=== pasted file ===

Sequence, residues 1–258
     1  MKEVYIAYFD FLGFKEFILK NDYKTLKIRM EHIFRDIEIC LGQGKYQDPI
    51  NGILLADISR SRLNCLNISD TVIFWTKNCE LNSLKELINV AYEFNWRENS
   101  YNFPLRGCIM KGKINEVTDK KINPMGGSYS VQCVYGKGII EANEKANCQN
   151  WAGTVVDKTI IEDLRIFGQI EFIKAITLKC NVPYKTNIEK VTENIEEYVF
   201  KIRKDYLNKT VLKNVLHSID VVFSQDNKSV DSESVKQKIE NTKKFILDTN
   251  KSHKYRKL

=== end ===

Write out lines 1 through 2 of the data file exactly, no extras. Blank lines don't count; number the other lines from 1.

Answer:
Sequence, residues 1–258
     1  MKEVYIAYFD FLGFKEFILK NDYKTLKIRM EHIFRDIEIC LGQGKYQDPI